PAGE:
Papillary fibroelastoma of the aortic valve--a case report and literature review.

Jha NK, Khouri M, Murphy DM, Salustri A, Khan JA, Saleh MA, Von Canal F, Augustin N - J Cardiothorac Surg (2010)

Trans-oesophageal echocardiography showing a mobile, spherical pedunculated tumour mass of 1.2 × 1 cm in size at the right coronary aortic cusp (ME AV short-axis view).
© Copyright Policy - open-access
Related In: Results  -  Collection

License
Show All Figures
getmorefigures.php?uid=PMC2965711&req=5

Figure 1: Trans-oesophageal echocardiography showing a mobile, spherical pedunculated tumour mass of 1.2 × 1 cm in size at the right coronary aortic cusp (ME AV short-axis view).
Mentions: A 50-year-old female presented to our hospital for evaluation of chest pain. She had history of recurrent, vague, central chest pain with radiation to inter-scapular area. The pain was compressive and mild in nature and was not associated with effort. The clinical examination and routine blood laboratory investigations were unremarkable. The electrocardiography including stress test was also inconclusive. The chest x ray was normal. A 2-D and transoesophageal echocardiography (TEE) revealed presence of an echodense supra valvular, pedunculated, spherical mass of 1.2 × 1 cm in size about 1.2 cm above the aortic annulus (Figure 1). This supra valvular echogenic mass was found to be moving and displaced during each phase of the cardiac cycle and it was very close to the orifice of the right coronary artery (RCA) (Figure 2 and 3). However, the aortic valve and other cardiac structures were normal. There was no regurgitation of the aortic valve. A contrast-enhanced computerized tomography scan of the chest confirmed the presence of a mildly ill-defined, non-enhancing, hypodense nodular lesion of approximate size 1.0 × 0.8 × 0.7 cm in the aortic root, just adjacent to the origin of right coronary artery (Figure 4). Based upon the findings as above, a differential diagnosis was made which included, thrombus, myxoma, fibroelastoma and inflammatory mass.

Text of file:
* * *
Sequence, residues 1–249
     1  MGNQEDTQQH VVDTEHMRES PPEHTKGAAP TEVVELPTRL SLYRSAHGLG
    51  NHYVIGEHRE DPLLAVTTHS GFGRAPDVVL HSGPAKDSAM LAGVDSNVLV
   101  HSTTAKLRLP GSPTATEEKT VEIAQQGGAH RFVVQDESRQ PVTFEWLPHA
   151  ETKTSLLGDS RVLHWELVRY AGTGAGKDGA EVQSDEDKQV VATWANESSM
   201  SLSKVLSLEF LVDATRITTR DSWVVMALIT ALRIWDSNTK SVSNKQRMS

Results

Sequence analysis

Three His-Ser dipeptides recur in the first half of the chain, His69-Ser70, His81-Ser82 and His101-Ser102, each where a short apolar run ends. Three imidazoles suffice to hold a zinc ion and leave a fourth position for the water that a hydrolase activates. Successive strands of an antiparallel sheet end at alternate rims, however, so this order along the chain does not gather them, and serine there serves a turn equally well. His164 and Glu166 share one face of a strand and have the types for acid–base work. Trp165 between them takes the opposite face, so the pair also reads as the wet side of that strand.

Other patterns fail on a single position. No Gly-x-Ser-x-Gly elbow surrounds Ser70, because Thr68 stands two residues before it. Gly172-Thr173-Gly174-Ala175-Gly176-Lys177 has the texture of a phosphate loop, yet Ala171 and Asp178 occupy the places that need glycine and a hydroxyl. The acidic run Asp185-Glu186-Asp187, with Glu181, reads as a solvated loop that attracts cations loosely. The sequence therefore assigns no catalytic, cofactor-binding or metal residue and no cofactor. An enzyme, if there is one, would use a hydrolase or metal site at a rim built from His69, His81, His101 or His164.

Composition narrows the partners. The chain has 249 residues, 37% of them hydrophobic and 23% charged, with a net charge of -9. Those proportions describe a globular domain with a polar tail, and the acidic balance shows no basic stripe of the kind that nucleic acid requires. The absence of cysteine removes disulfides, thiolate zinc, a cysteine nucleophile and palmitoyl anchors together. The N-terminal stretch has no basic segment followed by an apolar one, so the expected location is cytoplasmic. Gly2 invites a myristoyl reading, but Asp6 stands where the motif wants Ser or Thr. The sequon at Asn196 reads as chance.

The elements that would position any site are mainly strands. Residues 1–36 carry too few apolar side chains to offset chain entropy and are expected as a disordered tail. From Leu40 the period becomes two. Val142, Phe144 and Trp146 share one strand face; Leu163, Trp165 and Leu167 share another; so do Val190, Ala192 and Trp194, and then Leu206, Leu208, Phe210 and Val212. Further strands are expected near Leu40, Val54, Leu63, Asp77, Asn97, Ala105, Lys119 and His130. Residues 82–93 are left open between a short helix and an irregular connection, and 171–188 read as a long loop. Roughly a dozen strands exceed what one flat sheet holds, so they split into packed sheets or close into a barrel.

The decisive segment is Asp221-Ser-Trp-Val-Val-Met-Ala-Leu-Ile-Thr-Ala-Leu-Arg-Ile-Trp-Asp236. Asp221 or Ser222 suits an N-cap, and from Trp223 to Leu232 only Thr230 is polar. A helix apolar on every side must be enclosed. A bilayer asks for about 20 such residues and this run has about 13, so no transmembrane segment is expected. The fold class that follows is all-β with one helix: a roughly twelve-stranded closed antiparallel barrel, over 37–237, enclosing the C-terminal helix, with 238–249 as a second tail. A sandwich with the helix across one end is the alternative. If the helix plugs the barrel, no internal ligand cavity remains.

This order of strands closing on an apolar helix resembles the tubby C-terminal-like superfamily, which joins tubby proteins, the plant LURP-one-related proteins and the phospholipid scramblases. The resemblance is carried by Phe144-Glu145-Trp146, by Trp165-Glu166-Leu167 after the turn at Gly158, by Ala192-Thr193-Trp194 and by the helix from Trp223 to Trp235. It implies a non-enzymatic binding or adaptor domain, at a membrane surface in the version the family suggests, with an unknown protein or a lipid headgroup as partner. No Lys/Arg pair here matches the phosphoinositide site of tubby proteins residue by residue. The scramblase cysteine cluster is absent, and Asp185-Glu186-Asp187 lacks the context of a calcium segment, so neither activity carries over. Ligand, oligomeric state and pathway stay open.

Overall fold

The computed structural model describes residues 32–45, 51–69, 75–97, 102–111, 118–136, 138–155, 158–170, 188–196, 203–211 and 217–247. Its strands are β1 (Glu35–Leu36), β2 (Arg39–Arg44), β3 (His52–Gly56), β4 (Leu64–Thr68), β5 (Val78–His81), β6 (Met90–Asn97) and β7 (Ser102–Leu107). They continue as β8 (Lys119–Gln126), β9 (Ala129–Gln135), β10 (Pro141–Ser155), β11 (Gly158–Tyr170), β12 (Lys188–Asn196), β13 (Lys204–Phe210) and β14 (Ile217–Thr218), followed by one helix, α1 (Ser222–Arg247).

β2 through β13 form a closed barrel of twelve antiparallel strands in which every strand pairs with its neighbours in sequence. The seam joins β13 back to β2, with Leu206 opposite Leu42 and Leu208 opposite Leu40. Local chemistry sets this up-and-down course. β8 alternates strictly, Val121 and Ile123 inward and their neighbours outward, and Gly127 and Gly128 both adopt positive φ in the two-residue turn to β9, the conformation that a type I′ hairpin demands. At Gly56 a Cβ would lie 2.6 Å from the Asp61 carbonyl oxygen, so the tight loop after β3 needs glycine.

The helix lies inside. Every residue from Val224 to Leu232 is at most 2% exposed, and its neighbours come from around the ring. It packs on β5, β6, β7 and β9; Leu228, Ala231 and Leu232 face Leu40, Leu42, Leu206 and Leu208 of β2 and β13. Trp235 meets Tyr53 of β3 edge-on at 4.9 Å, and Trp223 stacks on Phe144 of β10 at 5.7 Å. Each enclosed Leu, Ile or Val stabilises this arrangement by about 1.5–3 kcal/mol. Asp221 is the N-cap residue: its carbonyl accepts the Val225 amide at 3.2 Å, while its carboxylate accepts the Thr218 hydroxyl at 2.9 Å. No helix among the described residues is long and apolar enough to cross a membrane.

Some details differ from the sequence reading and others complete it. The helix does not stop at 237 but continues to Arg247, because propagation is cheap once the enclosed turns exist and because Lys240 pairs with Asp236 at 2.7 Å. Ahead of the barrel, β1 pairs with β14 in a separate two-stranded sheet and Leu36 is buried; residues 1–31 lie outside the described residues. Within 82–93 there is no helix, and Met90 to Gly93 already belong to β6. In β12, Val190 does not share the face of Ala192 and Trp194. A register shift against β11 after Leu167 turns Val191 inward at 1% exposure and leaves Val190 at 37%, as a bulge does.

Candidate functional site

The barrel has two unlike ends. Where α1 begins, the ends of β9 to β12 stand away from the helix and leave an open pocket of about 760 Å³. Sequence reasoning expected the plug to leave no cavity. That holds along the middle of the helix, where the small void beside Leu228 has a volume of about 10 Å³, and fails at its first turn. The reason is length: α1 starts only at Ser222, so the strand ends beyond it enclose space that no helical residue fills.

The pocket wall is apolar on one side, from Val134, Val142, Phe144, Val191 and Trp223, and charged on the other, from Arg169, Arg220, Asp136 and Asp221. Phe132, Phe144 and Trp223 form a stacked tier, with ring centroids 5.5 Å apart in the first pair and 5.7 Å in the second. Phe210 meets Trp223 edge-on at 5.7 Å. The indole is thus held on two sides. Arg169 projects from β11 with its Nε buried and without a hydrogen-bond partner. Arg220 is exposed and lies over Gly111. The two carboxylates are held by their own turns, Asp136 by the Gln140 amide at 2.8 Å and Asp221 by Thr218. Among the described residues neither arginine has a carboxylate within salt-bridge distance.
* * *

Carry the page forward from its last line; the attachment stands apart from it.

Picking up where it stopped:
Bottom Line: The surgical management included a prompt resection of the tumour on cardiopulmonary bypass avoiding injury to the aortic valve.The patient recovered well.Also, possibility of this diagnosis should be kept in mind while managing cardiac or valvular tumours.

View Article: PubMed Central - HTML - PubMed

Affiliation: Division of Adult Cardiac Surgery, Institute of Cardiac Sciences, Sheikh Khalifa Medical City Managed by Cleveland Clinic, PO Box-51900, Abu Dhabi-UAE. nk_jha@hotmail.com

ABSTRACT
The prevalence of primary cardiac tumour ranges from 0.0017-0.28% and papillary fibroelastoma is rare but not uncommon benign cardiac neoplasm. Currently, with the advent of higher-resolution imaging technology especially transoesophageal echocardiography such cases being recognized frequently. The clinical presentation of these tumours varies from asymptomatic to severe ischaemic or embolic complications. We herein, present a 50-year-old female patient with a papillary fibroelastoma of the aortic valve arising from the endocardium of the right coronary cusp very close to the commissure between the right and non-coronary cusps. The patient presented with angina-like chest pain and was investigated using echocardiography and CT angiographic modalities in addition to the usual investigations. The differential diagnosis considered was a thrombus, myxoma, Lambl's excrescence and infective vegetation. The surgical management included a prompt resection of the tumour on cardiopulmonary bypass avoiding injury to the aortic valve. The patient recovered well. A review of the literature suggests that the cardiac papillary fibroelastoma is a rare but potentially treatable cause of embolic stroke and other fatal complications, therefore, a strong suspicion; appropriate use of imaging modality, preoperative anticoagulation and urgent surgical resection is warranted. Also, possibility of this diagnosis should be kept in mind while managing cardiac or valvular tumours.

Show MeSH
Related in: MedlinePlus